In the music world, being a fan isn’t a bad gig. Unlike musicians, you can book yourself, so to speak, at any venue you want. You don’t have to go on the road unless you want to. You can avoid promoting yourself, finding a record label, and coming up with music to play. Of course you’ll never be applauded by an audience, yet you’ll almost always be thanked for “coming out tonight” by the musicians you go to see.
You’ll never be applauded, yet you’ll almost always be thanked for “coming out.”
Most of my friends are music fans but have never even heard of the new music composers I’ve raved about.
John Schaefer objected to the use of “gorgeous” to describe a piece of music.
All writers could benefit from spending time in a musician's rehearsal room.
I’ve been enjoying these benefits of fandom for more than 50 years now. So why would I want to take on the more arduous role of writing about hard-to-describe new music, especially since I’m enjoying retirement from a career writing about other topics? It has to do with the great variety of music I’ve discovered as a fan and a basic desire to spread the word.
It was my good fortune to start listening to music seriously during the sixties, when rock and roll was developing by leaps and bounds. The shapeshifting Beatles alone showed me the surprising possibilities beyond pop, as their intentions went from holding our hands, to taking us down, to taking us away, to turning us on—all set to such precipitously changing music that in “Revolution #9” they urged us to “hold that line.” Much has been written about expanding minds in the sixties, but the Beatles were surely expanding our ears long before the term “big ears” came to signify openness to new kinds of music.
Closer to home, in the late ‘70s my neighbor in Evanston, Illinois, was the multi-instrumentalist and composer Howard Levy. Howard is a virtuoso harmonica player and one of the original members of Bela Fleck and the Flecktones, as well as a student and performer of music from other cultures. With some neighbors, you have to ask them to turn down their music; with Howard, you asked about what he was playing and got an enlightening tutorial.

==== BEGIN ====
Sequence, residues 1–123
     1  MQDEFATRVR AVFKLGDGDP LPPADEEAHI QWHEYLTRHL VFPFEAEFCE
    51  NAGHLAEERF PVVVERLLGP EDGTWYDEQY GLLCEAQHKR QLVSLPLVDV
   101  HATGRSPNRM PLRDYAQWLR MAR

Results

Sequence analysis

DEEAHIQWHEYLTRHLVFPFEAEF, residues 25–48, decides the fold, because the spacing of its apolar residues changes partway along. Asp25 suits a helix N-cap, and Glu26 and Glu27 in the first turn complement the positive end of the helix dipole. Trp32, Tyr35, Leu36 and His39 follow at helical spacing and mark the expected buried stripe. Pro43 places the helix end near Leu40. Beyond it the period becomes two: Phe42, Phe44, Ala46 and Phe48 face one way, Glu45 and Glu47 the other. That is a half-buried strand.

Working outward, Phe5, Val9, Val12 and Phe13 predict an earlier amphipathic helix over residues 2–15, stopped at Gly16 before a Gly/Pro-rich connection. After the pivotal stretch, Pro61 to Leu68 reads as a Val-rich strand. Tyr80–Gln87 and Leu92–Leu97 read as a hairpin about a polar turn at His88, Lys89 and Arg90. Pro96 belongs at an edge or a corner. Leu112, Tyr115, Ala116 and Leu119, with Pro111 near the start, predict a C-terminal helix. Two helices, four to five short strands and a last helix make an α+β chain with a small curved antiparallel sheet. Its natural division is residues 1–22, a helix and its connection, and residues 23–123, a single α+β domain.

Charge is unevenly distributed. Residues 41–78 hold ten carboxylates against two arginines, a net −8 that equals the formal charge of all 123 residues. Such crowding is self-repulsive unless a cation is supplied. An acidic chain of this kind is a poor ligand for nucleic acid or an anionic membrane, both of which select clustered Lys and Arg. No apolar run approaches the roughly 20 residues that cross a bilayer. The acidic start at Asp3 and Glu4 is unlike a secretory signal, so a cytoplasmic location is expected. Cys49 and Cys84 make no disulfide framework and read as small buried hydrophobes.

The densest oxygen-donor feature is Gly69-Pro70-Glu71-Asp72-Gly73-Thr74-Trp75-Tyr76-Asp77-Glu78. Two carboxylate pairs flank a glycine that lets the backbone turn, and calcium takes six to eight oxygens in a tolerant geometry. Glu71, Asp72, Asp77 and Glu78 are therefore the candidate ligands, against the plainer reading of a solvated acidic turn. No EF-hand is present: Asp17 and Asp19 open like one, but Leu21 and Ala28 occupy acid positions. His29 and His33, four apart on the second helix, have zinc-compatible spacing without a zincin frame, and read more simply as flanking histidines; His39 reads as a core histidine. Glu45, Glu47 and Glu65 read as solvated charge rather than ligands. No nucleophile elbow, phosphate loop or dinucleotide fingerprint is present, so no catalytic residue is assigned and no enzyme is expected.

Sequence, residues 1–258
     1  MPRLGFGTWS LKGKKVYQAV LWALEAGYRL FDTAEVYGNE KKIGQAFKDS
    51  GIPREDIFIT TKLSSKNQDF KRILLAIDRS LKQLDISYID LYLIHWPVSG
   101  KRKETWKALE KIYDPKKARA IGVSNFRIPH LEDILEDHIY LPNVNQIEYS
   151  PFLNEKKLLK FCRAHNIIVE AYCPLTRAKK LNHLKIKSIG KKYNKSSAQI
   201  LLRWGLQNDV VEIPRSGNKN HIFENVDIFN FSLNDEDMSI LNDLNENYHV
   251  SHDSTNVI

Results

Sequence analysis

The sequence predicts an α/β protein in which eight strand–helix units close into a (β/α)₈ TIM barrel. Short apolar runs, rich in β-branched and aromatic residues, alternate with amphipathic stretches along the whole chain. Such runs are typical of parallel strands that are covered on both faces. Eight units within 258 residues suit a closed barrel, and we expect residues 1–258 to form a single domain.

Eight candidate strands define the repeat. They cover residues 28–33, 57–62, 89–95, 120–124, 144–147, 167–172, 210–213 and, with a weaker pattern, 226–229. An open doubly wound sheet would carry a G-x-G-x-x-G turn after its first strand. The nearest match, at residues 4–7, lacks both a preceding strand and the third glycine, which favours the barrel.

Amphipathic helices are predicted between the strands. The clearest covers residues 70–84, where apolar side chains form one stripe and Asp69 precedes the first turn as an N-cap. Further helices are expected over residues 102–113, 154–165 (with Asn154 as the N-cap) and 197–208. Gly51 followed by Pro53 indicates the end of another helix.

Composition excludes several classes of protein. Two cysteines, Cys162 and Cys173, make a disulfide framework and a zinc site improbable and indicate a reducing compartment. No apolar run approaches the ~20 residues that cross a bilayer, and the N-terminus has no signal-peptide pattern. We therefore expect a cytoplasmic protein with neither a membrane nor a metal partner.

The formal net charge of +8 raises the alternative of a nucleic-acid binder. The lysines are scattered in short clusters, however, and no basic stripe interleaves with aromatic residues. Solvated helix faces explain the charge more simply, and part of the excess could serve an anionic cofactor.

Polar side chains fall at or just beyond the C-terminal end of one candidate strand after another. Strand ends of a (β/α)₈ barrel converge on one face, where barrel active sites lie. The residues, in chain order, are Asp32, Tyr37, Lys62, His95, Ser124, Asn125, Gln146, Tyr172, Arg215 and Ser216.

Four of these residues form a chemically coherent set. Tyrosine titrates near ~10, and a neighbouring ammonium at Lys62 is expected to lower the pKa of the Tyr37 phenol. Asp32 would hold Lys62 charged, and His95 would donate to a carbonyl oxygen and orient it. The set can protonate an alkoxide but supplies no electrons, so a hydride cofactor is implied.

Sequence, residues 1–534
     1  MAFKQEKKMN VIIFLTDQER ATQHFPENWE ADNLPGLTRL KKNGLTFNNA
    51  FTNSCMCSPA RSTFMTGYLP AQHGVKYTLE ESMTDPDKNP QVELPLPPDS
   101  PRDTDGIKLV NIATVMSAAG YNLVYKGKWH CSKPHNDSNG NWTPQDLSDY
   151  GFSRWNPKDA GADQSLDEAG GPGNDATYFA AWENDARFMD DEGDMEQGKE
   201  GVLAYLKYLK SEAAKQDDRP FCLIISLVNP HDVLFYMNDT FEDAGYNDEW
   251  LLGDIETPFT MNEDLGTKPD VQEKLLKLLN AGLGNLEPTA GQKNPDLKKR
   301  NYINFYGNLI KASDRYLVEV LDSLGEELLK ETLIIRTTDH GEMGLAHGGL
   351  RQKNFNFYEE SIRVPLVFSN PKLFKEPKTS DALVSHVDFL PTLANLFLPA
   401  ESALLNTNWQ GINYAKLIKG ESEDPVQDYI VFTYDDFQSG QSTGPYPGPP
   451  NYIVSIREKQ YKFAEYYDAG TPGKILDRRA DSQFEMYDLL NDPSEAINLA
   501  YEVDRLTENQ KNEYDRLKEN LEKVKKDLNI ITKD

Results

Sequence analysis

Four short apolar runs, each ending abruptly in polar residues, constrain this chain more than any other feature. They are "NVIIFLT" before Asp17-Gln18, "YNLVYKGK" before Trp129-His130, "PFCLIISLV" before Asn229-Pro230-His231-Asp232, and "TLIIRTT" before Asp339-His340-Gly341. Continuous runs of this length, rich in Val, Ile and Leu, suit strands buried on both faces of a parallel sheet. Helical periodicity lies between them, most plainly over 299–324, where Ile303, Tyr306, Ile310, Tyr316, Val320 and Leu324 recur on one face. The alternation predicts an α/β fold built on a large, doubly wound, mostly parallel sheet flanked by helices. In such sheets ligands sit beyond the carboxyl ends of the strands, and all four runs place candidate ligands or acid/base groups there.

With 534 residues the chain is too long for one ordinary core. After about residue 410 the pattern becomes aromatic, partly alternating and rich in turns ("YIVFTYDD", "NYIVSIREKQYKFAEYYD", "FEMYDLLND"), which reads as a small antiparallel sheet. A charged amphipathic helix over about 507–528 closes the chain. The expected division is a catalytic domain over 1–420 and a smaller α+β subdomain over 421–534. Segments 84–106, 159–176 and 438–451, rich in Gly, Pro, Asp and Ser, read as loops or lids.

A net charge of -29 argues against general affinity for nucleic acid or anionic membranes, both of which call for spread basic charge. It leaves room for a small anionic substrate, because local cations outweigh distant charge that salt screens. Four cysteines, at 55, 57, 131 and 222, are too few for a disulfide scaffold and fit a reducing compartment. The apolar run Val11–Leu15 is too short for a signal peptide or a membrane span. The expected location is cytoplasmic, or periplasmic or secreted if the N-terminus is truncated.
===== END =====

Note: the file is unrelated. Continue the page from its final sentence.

Inside my own home, my son Sam started playing viola and composing music at age six, and later went on to get a master’s degree in electronic music composition. Sam not only introduced me to new music composers such as Steve Reich and Harry Partch, but he was my partner at adventurous performances where friends feared to tread.
If fans can be evaluated quantitatively by measures like how many performances they attend and how far they travel to do so, then, like every child in Lake Wobegon, I’m above average. But I’ve also worked on the quality of how I listen to music. I’ve aspired to what Ben Ratliff has called listening “with purpose.” In his book Every Song Ever, Ratliff describes this as paying “just enough attention to it (music) so that it could change our lives,” and posits that “listening is a creative act, and at a certain point it, too, can be virtuosic—if you develop a heightened sensitivity to current and past standards of excellence.”
As a professional writer, I’ve always tried to learn from other writers whose work I’ve admired. In music, I have looked to Ratliff and The New Yorker music critic Alex Ross to school me. You could say I’m a fan of both men. But in addition to their writing chops, I’ve also envied how much more these two pros get out of the music than I do. Could trying to articulate just what excited me about a piece help make me a better listener?
What’s more, I’m motivated to write about music for a more generous reason. Most of my friends are music fans but have never even heard of the new music composers I’ve raved about, like Phil Kline, Adams (both John and John Luther), and Terry Riley. I started to resent all the media attention that just a small percentage of music makers have garnered, and wanted to correct this imbalance.